13 Quick Flying Scotsman Facts You Might Not Know

By Gary Cutlack on at

The most famous steam train of all is back in business today, with a short run from refurbishment shed to tracks that form part of the East Lancashire Railway heritage line marking the return of the Flying Scotsman to active service.

It's been a long journey to get it back into working order. Here are but some of the highs and lows the famous engine has experienced.

1. The Flying Scotsman was built in 1923 for the London and North Eastern Railway, and earned its name from the London to Edinburgh rail service of the day. It was designed by Sir Nigel Gresley, with the British Empire Exhibition of 1924 making it world famous.

2. It was the first train to officially hit 100mph in service, in 1934. HOWEVER, the City of Truro steam engine was claimed to have beat that speed earlier, hitting 102mph in 1904. It was on a slope though, so that's cheating, right?

3. Key stats: The Flying Scotsman is 70 feet long, and weighs 96 tonnes. Over the course of its lifetime, it's travelled roughly 2,500,000 miles.

4. It was taken out of UK operation in 1963, before being saved from the scrapheap by businessman Alan Pegler -- who bought it and pioneered today's heritage rail scene by petitioning the rail operators of the day to let him run niche steam services for the entertainment of enthusiasts.

5. During World War II, the Flying Scotsman was painted black, so as to comply with blackout-blitz measures to foil Luftwaffe bombers.

6. It retired to America. Like a footballer, it made money in the US and Canada at the tail end of its career, ferrying tourists about between 1969 and 1973.

flying scotsman

7. It returned to the UK in 1973 under the new ownership of William McAlpine, who had it refurbished again and set to work on various heritage routes.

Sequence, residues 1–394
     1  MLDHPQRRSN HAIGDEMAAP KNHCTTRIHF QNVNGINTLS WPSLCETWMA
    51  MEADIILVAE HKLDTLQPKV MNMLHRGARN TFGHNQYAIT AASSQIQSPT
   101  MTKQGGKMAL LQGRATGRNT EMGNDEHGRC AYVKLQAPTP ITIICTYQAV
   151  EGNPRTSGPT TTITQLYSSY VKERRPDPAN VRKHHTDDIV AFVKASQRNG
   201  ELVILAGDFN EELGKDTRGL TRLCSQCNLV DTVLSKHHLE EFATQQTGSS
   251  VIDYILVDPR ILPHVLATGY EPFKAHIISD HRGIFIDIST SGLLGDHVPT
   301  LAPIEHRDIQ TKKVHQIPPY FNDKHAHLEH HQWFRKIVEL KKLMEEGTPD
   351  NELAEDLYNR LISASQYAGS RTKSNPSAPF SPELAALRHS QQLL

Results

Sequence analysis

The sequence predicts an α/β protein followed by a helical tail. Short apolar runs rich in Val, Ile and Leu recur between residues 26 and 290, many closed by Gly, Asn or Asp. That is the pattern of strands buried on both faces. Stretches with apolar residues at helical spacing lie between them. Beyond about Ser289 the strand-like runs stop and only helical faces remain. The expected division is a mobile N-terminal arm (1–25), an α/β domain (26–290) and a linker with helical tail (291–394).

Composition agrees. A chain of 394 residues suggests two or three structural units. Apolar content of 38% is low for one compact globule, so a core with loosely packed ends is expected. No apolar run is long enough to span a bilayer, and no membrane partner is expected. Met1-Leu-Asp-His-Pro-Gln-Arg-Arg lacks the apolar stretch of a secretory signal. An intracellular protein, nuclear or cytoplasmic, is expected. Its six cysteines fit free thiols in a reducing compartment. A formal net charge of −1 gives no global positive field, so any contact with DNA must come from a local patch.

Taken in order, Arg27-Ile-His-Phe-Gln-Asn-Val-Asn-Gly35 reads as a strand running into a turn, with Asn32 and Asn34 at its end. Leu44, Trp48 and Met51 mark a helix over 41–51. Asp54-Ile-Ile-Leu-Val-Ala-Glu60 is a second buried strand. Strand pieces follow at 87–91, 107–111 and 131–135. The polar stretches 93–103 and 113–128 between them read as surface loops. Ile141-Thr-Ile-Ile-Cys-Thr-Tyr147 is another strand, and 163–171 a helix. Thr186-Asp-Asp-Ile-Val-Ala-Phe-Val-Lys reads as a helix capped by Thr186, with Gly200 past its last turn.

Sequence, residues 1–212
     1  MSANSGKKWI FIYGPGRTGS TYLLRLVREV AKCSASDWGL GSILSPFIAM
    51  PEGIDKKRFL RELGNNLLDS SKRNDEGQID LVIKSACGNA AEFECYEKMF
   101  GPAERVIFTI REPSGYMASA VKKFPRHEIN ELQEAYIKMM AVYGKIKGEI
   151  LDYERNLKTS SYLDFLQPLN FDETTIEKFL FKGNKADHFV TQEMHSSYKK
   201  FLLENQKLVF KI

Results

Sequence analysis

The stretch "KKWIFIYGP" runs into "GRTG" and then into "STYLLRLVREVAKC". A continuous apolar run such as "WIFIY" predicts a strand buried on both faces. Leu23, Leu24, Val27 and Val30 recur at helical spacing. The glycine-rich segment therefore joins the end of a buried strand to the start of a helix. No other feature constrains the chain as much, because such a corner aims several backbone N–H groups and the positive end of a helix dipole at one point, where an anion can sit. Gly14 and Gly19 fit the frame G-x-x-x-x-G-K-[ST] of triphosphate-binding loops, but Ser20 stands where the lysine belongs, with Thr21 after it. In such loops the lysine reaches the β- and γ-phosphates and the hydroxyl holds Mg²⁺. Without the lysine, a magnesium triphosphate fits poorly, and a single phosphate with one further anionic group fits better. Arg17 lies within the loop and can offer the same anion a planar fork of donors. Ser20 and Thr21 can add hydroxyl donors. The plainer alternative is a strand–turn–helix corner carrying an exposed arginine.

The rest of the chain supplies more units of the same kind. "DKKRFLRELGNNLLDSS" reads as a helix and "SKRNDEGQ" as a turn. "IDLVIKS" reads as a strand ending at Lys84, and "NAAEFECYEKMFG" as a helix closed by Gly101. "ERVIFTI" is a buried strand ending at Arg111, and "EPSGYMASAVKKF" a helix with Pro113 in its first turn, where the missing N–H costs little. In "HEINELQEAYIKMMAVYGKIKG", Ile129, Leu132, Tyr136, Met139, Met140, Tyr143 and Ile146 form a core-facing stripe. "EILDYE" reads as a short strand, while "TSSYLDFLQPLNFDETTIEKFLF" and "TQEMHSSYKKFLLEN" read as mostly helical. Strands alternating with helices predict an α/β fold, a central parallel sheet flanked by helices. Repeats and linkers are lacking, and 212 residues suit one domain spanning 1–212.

8. It retired again in the 1990s, before yet another steam enthusiast businessman -- Dr Tony Marchington -- spent around £1m on refitting it again, this time much closer to original UK spec.

9. Pete Waterman of Stock Aitken Waterman 80s / early 90s pop songwriting fame (yes, him responsible for Rick Astley, Jason Donovan and the early hits of Kylie Minogue) became part-owner of the Flying Scotsman by 1995.

10. In April of 2004 it was bought by the National Railway Museum in York after the previous consortium of owners fell into financial distress, where it pottered around legacy routes to raise money for, yes, another refurbishment.

11. The latest decade-long struggle to get it into condition and certified for modern use has cost a staggering a £4.2m.

12. Its latest form sees it painted in classic BR Green livery and officially known as No. 60103.

13. Today's journey will take the Flying Scotsman from Kings Cross to York, where it will go on display at the National Railway Museum for those that can't brave standing by the tracks, waiting a few second's glimpse of the speedy steam engine. [BBC]

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